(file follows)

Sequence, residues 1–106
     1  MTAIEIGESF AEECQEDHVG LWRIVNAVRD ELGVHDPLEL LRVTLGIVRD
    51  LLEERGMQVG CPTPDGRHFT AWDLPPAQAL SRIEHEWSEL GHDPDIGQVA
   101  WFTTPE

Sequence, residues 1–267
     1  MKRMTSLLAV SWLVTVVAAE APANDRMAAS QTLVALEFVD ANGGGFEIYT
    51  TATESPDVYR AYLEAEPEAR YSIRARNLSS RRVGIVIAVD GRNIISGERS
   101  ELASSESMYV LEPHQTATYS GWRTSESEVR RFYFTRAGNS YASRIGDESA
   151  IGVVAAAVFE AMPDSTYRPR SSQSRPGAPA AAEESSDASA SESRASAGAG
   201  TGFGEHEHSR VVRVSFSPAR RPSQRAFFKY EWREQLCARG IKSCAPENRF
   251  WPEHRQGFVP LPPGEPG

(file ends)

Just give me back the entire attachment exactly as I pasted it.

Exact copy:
Sequence, residues 1–106
     1  MTAIEIGESF AEECQEDHVG LWRIVNAVRD ELGVHDPLEL LRVTLGIVRD
    51  LLEERGMQVG CPTPDGRHFT AWDLPPAQAL SRIEHEWSEL GHDPDIGQVA
   101  WFTTPE

Sequence, residues 1–267
     1  MKRMTSLLAV SWLVTVVAAE APANDRMAAS QTLVALEFVD ANGGGFEIYT
    51  TATESPDVYR AYLEAEPEAR YSIRARNLSS RRVGIVIAVD GRNIISGERS
   101  ELASSESMYV LEPHQTATYS GWRTSESEVR RFYFTRAGNS YASRIGDESA
   151  IGVVAAAVFE AMPDSTYRPR SSQSRPGAPA AAEESSDASA SESRASAGAG
   201  TGFGEHEHSR VVRVSFSPAR RPSQRAFFKY EWREQLCARG IKSCAPENRF
   251  WPEHRQGFVP LPPGEPG